It was a rainy day in Portland but we headed to Mt. Hood anyway. If I’d kept waiting for another sunny day, we wouldn’t have gone. My friend Star Waters was joining Bonnie Johnson and me on the day’s adventure so we headed north across the Columbia River, crossing the two-mile long Glenn L. Jackson Memorial Bridge to Vancouver, WA to pick her up. I loved the idea of that because it gave me the opportunity for a Facebook check-in in the state of Washington.
As you know, I’ve traveled solo for most of my “adventures” on this road trip and while it’s been great, it was wonderful having friends along with whom I could share the experience.
Mt. Hood is 60 miles from Portland so we had plenty of time to talk and even though Star now resides in Atlanta, she and Bonnie are both native Portlanders and familiar with the city’s history as well as the towns between Portland and Mt. Hood. Plus, Bonnie was able to photograph everything that I couldn’t.
So, we arrive at Mt. Hood and somehow miss the turn that would take us to Timberline Lodge on the south side of Mt. Hood. That was fine, though, because it gave us the opportunity to see and photograph the beauty of the mountain along the Oregon Scenic Byway–the snow banks on both sides of the road, the trees and road signs almost completely buried in snow, and the occasional crow.
We finally made a U-turn about 45 minutes later and got directions to the Lodge. On the way there, we oohed and aahed the waterfalls as I envisioned us traipsing through the snow for hot-buttered rum by the lodge fireplace.
After driving to an elevation of 5,960 feet, we finally made it to the lodge. The entire area was covered in snow, Mt. Hood’s summit was shrouded in fog and the lodge was covered in snow. Disappointing but beautiful!
As I made my way to a parking space, though, I got stuck on the ice. Instantly, I flashed back to that night in January 2011 when the ice on that Hiram, GA road made driving the 40 miles back to Riverdale virtually impossible. There I was on a dark rural road driving on ice for the first time in my life, cars ahead and behind and a ditch on my right. My nerves were shot by the time I made it to the first hotel only five miles away two hours later. I was safe from the ice but there wasn’t a drop of Gentleman Jack in sight, or anything else for that matter!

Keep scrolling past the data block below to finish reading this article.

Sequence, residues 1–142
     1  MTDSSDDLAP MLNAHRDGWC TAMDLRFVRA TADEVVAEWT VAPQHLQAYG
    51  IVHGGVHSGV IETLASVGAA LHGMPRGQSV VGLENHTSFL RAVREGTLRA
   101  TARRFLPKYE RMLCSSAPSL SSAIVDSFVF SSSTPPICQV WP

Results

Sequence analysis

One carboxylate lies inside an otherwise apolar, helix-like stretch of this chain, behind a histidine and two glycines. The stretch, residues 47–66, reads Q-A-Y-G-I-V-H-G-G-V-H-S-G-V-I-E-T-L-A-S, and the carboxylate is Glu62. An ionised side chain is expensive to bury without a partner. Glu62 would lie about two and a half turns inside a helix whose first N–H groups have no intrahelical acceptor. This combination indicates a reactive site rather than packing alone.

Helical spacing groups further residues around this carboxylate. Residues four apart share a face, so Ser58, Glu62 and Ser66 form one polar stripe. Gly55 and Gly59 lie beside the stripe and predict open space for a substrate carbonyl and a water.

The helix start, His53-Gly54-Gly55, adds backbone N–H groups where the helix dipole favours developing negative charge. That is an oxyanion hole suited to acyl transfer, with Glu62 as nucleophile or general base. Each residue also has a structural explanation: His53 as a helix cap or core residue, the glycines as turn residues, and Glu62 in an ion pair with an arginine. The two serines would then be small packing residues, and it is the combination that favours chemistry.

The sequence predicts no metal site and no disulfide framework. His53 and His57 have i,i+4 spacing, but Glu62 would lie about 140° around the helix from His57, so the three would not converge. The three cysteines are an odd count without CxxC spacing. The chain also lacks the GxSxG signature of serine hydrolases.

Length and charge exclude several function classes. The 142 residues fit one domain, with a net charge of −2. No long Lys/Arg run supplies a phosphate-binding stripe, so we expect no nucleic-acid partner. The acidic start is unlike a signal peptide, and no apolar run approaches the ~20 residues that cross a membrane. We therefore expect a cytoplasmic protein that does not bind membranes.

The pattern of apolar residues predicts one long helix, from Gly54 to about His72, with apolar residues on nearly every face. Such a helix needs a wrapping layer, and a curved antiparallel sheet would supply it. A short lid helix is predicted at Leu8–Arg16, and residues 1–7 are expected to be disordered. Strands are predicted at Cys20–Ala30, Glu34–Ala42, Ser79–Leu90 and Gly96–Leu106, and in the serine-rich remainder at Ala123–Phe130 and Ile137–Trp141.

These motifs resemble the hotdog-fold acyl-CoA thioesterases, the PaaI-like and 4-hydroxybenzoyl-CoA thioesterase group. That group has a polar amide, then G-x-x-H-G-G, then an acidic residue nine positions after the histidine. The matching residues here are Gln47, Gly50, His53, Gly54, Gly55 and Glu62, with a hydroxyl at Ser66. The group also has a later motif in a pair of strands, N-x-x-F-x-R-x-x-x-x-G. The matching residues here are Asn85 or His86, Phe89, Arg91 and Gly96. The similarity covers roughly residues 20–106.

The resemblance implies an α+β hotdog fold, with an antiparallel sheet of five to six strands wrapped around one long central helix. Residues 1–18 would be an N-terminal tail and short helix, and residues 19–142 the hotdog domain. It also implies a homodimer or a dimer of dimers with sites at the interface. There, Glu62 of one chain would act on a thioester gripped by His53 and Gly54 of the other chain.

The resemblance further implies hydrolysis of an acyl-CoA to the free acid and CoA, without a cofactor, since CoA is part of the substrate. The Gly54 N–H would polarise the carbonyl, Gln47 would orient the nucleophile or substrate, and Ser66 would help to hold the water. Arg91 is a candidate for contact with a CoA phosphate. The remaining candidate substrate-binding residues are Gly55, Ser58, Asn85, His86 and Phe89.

So, there I was at Mt. Hood spinning on ice, and whatever visions I had of traipsing through the snow for hot-buttered rum were replaced by visions of being stuck on the mountain in snow and ice. I decided at that moment to get the heck off the mountain, and that’s what I did. We didn’t even get out of the car. The mountain was shrouded in fog so we couldn’t see it but I could’ve at least taken pictures of the snow-covered lodge. Sad.
I don’t recall how it started but we laughed ’til we cried about our almost trip toMt.Hood; about how our snow boots didn’t touch the snow; about how while I was looking for the exit, they were looking for a parking space. It really was hilarious, and we laughed all the way back to Portland. I may not have walked in the snow or taken any pictures of the lodge, I have my memories of flipping out and laughter with friends. I suspect, too, that what Star said is true: “When we both get back to Atlanta, every time the words Portland, mountain or snow come up, we will no doubt fall out laughing hysterically!!”